The story of Merritt professional bull rider Ty Pozzobon’s participation in this year’s  Calgary Stampede read like a fairytale all week long — until the final page.

A last-minute replacement for the injured Shane Proctor, Pozzobon rode five of his six bulls in the 10-day Stampede competition en route to a stunning second-place finish overall and a pay day of over $44,000.

Unfortunately, Pozzobon’s weekend accomplishments came with a steep price.

Immediately following the bull riding event, it was confirmed that the 22-year-old Nicola Valley cowboy had completely torn both the anterior cruciate ligament (ACL) and lateral collateral ligament (LCL), in his right knee.

It is the same knee that Pozzobon tore his posterior collateral ligament in one year ago at the 2013 Stampede event.

Pozzobon will require immediate surgery, and will be out for the remainder of the 2014 bull riding season.

The news was a bitter pill to swallow for Pozzobon, who has been riding ‘lights out’ over the last month — earning close to $100,000 in the process.

“Ty’s not in very good shape right now,” his mom Leanne said. She was in the stands at Stampede Park, along with Ty’s grandmother, Carol, to watch her son’s magnificent final ride and then hear the hard-luck news afterwards.

“The doctor said the ACL and LCL are completely gone, and his knee is hanging on by a few fibres. He rode with his knee like that in the final four round,” she said.

Indeed, the injury occurred in Pozzobon’s second-to-last ride, on board a bull called Wrangler Extreme.

“I was getting off and my spur caught in the rope and it kind of hung me there,” Pozzobon said over the phone from Strathmore, outside Calgary, where he is laying up awaiting his surgery.

“I felt my right knee twist and I heard a pop right away. As I tried to get back to the chute, I knew that something wasn’t right. It didn’t feel good at all.”

Pozzobon’s score of 88 on Wrangler Extreme put him through to the final four and a chance at the $100,000 first prize.

Despite his serious injury, the Merritt cowboy didn’t hesitate when it came time to decide whether to compete or not in the championship round.

“[Not competing] never entered my mind,” he said. “Even if they’d had to tie a stick to my leg, I was going to do whatever I had to do to get on the last bull.”

Behind the chutes, sports medecine personnel taped Pozzobon up as best they could.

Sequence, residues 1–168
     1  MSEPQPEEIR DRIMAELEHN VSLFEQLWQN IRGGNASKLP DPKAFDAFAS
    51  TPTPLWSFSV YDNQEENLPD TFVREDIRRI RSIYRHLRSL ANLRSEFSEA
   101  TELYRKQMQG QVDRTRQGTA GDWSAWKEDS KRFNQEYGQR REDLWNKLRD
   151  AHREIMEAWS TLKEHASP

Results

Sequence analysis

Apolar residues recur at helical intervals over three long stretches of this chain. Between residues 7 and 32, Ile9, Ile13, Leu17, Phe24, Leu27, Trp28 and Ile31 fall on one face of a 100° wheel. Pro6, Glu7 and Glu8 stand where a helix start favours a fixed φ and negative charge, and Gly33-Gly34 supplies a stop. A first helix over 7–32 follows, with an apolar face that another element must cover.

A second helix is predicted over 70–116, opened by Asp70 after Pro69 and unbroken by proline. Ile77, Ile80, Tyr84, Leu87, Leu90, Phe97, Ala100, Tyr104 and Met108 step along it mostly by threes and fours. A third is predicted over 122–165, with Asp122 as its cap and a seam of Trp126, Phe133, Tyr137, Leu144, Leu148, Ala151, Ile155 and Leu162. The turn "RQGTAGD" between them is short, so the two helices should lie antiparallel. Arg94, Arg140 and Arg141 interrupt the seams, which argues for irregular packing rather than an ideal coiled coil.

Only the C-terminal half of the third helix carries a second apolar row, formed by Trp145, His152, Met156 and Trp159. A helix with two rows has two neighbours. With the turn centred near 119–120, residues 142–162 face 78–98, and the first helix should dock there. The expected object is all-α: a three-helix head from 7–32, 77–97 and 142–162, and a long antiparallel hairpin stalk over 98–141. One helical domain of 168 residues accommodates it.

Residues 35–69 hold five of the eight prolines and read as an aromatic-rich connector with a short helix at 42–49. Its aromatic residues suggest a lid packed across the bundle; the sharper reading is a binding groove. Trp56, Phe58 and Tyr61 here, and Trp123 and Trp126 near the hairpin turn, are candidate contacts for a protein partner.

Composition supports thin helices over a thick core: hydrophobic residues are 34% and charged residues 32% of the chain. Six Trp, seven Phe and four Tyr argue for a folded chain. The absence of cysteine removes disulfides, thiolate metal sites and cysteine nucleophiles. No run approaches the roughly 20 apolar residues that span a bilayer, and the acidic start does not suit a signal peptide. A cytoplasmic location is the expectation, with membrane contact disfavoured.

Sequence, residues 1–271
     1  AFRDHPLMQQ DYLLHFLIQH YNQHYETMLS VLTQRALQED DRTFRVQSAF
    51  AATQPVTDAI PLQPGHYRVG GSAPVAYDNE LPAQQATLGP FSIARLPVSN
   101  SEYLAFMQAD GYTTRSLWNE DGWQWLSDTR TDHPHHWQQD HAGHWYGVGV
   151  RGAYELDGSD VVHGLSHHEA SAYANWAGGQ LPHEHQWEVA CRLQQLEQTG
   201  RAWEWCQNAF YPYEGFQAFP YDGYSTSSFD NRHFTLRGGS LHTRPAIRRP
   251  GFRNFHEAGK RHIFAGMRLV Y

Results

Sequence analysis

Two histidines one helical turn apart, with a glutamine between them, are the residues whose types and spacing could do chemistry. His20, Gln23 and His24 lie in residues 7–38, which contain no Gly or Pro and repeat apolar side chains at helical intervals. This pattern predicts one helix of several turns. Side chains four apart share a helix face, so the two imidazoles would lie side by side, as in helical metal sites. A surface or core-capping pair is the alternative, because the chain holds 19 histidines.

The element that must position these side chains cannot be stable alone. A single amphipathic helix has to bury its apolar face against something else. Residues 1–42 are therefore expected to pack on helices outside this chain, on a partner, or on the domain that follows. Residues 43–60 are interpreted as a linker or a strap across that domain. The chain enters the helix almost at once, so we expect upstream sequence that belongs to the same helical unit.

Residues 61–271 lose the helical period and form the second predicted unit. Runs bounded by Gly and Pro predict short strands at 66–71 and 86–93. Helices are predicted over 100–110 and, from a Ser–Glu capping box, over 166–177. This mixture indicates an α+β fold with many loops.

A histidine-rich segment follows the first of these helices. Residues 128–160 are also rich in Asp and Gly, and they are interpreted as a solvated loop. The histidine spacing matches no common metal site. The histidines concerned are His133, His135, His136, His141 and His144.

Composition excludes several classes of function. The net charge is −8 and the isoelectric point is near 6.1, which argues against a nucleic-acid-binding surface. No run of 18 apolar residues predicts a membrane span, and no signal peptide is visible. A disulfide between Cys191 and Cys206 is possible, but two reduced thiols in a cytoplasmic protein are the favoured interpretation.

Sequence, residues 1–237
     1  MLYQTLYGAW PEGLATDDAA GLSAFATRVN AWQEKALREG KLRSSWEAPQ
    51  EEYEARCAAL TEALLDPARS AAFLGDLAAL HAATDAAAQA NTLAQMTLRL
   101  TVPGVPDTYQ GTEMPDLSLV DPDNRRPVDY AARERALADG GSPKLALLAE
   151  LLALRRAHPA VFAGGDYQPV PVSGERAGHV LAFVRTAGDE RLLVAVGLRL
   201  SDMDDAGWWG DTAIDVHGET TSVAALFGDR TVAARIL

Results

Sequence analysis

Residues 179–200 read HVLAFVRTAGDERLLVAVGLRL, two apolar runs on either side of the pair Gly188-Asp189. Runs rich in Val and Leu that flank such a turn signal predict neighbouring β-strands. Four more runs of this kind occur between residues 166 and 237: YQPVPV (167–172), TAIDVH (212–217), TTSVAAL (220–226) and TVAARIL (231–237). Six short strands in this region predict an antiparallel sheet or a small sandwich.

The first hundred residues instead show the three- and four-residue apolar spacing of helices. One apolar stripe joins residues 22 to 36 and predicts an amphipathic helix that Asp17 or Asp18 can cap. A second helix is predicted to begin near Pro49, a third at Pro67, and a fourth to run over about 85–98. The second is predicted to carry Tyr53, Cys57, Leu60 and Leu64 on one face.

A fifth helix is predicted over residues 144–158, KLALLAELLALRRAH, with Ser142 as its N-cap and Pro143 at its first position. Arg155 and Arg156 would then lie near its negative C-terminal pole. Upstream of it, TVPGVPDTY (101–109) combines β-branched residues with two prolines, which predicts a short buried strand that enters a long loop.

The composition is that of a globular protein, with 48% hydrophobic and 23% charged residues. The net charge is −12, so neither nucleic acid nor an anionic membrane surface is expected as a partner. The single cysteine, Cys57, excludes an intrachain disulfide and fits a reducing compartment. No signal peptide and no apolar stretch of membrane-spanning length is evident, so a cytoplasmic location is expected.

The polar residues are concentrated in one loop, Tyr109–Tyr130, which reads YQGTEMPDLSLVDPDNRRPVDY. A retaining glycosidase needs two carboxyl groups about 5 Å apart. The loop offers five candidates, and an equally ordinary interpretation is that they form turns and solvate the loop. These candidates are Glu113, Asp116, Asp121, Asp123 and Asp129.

“Adrenaline just kind of got me through the last ride. I didn’t feel the knee at all. But I felt it after, I can tell you that,” Pozzobon said.

In the championship go-round, sheer guts and determination carried Pozzobon to a score of 88 points on I’m A Gangsta, a bull that had never previously been ridden on Canadian soil. He finished just one-and-a-half points behind the winner, fellow Canadian Scott Schiffner.

Ironically, Schiffner’s winning ride came on Mr. Buddy, the same bull that Pozzobon rode to a score of 89.5 and first place on Day 6 of the Calgary Stampede rodeo. It was that ride that really got things rolling for the Nicola Valley cowboy, who was bucked off his first bull of the week, Grey Area.

“Yeah, things started off kinda slow,” Pozzobon said in reference to his first Stampede outing. “They’re going to get you on the ground sometimes. I didn’t let it bother me.”

Following his bounce back ride on Mr. Buddy, Pozzobon also took top spot on Day 7 with a highlight reel 87-point ride on Gold Spring.

“That bull was a handful — wild and exotic. He doesn’t really have a set pattern,” he said.

Having already punched his ticket to Showdown Sunday with his two wins, Pozzobon also locked up first place in his pool with a third-place, 84.5-point ride on After Shock on Day 8.

Pozzobon’s courageous rides on Sunday in front of over 50,000 Stampede fans will undoubtedly be talked about for years to come.

“He did everything he could,” his mom said. “We’re so proud of him.”

Pozzobon, for his part, is trying to remain upbeat about his current situation.

“It’s hard to deal with, but I’m trying to look at the positives. I’ve been in this position before. It’s just part of the game,” he said.

Pozzobon will have surgery on his knee in Banff and then begin six months of rehabilitation, mostly back in Merritt.

“You’ll see me a lot more around town in the next little while,” he said.

“I’ve already made enough points to qualify for the World Finals in Vegas in November, so I’ll go down there and hang out and cheer my buddies on,” Pozzobon said.

“After that, it’s get healthy and hopefully be back on the bulls by the end of January. I can’t wait to continue where I left off.”

We can’t wait either.